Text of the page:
John Lennon’s Long-Lost Gibson J-160E Sells for Record-Breaking $2.4 Million

November 9th, 2015


John Lennon’s long-lost acoustic Gibson J-160E, which he used while recording the Beatles’ Please Please Me and With the Beatles, sold for a record-shattering $2.41 million Saturday during a live Julien’s auction.

The guitar, which was lost for more than 40 years, sold for three times its $800,000 estimate to an unspecified buyer who asked to remain anonymous.

Lennon bought the guitar at Rushworth’s Music House in Liverpool for £161 September 10, 1962. Although it’s unclear how he was separated from the instrument, it resurfaced in a San Diego shop in 1967; however, the buyer had no idea it once belonged to Lennon. It wasn’t until 2008 that the guitar’s provenance was discovered.

“Its importance in Beatles history cannot be overstated; this guitar is intimately bound to the early career of the Beatles,” Julien’s Live said of the guitar. “This is the earliest and most significant John Lennon guitar to be auctioned.”

One of two nearly identical 1962 Gibson J-160E acoustic-electric guitars purchased by Beatles manager Brian Epstein for Lennon and George Harrison, the guitar was used by Lennon to co-compose (with Paul McCartney) such early Beatles classics as “I Saw Her Standing There,” “She Loves You,” “I Want to Hold Your Hand” and “All My Loving.”

Lennon’s earliest known use of the guitar was during the Abbey Road recording sessions of September 11, 1962, when the Beatles—with Ringo Starr having recently replaced original drummer Pete Best—recorded “Love Me Do” and “P.S. I Love You.”


How the guitar found its way to McCaw is a tale that has addressed—at least in part—one of the most enduring mysteries vexing Beatlemaniacs since 1963. Though the guitar—a Gibson Jumbo, with a Sunburst spruce finish and P-90 single-coil pickups—produced a collection of tunes that would change the course of rock history, Lennon used the guitar for a relatively brief period.

After one of the Beatles’ 1963 holiday concerts at the Finsbury Park Astoria Theater in London, the instrument was apparently left behind by the band’s longtime roadie Mal Evans, who would later recall the moment “when I lost John’s guitar” as the lowest point in his early Beatles career. Lennon would occasionally tease Evans (who died in 1976), “Mal, you can have your job back as soon as you find my guitar.”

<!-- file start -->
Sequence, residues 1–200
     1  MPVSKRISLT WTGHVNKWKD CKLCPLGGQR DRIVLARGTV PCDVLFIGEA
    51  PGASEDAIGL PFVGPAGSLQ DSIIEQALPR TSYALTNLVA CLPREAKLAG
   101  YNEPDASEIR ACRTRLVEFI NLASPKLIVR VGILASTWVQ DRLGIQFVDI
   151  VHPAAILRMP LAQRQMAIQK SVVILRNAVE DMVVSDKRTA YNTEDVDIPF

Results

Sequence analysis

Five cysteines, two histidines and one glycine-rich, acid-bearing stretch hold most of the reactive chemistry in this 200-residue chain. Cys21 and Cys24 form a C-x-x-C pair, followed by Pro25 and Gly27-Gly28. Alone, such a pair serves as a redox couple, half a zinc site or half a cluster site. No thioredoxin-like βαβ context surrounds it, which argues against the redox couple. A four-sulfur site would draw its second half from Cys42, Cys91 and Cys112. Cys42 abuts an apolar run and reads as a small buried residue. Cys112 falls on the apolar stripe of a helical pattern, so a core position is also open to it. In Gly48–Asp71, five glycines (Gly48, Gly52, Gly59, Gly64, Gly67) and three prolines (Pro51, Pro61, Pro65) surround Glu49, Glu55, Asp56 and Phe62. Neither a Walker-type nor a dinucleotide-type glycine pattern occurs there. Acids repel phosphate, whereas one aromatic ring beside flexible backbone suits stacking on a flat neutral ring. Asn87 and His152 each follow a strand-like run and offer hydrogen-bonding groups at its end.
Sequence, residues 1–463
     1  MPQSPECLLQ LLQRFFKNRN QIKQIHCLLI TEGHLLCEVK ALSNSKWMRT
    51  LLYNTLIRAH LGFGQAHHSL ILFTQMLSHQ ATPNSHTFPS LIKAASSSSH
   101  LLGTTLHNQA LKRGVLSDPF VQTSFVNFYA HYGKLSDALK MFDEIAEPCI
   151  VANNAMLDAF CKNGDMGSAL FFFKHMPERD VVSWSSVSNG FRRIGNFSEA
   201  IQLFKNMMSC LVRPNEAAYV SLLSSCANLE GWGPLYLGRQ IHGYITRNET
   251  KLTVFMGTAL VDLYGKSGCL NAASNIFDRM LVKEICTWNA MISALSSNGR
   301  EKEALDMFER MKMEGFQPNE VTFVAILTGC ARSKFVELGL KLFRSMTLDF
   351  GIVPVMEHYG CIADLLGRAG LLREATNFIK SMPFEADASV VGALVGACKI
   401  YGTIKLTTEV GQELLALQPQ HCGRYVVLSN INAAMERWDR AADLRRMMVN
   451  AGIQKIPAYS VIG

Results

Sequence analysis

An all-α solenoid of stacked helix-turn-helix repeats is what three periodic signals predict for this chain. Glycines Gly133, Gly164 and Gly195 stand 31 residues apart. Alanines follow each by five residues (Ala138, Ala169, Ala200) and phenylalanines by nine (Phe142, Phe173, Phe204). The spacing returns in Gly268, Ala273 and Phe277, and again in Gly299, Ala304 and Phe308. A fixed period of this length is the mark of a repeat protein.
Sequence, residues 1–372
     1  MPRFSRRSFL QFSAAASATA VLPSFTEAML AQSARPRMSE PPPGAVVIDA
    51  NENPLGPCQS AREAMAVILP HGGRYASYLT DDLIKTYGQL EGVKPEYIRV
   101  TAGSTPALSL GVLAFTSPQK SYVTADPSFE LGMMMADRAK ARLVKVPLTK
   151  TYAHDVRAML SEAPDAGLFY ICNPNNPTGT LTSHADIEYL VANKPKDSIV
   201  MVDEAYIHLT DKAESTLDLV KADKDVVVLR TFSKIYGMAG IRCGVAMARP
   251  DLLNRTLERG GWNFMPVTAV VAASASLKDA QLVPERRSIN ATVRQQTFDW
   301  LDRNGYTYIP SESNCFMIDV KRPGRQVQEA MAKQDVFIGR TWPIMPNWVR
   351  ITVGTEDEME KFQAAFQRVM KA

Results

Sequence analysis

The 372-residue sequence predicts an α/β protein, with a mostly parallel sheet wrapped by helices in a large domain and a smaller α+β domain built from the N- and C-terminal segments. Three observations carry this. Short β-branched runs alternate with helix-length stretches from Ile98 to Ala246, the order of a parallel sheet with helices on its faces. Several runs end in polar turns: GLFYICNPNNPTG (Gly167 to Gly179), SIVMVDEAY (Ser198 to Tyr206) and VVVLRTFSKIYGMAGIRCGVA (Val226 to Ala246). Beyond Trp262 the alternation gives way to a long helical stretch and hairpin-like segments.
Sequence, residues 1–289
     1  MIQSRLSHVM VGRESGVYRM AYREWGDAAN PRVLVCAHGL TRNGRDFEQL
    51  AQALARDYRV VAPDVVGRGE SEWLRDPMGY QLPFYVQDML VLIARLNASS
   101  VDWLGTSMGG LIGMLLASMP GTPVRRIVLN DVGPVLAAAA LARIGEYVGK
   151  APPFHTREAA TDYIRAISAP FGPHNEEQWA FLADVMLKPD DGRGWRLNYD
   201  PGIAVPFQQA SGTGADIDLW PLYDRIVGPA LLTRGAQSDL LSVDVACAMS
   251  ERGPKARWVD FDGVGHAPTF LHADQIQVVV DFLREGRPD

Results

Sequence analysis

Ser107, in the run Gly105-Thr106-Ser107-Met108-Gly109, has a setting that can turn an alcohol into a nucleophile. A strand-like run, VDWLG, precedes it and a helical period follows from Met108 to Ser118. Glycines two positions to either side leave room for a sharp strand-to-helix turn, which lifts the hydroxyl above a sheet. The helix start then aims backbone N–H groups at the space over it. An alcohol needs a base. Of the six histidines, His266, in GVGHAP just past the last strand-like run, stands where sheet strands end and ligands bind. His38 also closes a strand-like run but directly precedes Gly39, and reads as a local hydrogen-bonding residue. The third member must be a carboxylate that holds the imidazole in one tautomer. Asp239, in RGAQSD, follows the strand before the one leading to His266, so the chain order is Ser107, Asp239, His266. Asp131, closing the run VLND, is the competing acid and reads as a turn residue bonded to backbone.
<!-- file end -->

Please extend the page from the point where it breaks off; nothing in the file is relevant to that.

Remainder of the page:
For the sake of comparison, Lennon’s Gretsch, which was used on the Beatles’ 1966 single “Paperback Writer,” sold for $530,000 to Indianapolis Colts owner and guitar collector Jim Irsay in November 2014. Irsay also spent $965,000 for Bob Dylan’s Fender Stratocaster used at the 1965 Newport Folk Festival, the infamous “Dylan goes electric” guitar. A Fender Strat signed by Keith Richards, David Gilmour, Eric Clapton, Brian May, Jimmy Page, Pete Townshend and others sold for $2.7 million at a charity auction for tsunami victims in 2007.

Seller John McCaw will split the proceeds of the sale with Lennon’s widow, Yoko Ono. Ono said she will donate the entirety of her proceeds—approximately 50 percent of the auction price—to her Spirit Foundation.

“Yoko is donating 50 percent of the profit to the Spirit Foundation,” Julien said in the brief statement. The Spirit Foundation is Ono’s charitable arm, known primarily for building schools in Africa and Asia.

Lennon’s acoustic Gibson wasn’t the only Beatles-related item to far exceed expectations: The band’s Beatles-emblazoned Ludwig bass drumhead, used by Ringo Starr during the Beatles’ February 9, 1964 debut on The Ed Sullivan Show, sold for $2.125 million, more than doubling its $1 million estimate. The drumhead was also used at the Beatles’ first U.S. concert at Washington Coliseum February 11, 1964 as well as other stops along the Beatles’ first North American visit. A baseball signed by all four Beatles in 1966 sold for $100,000.

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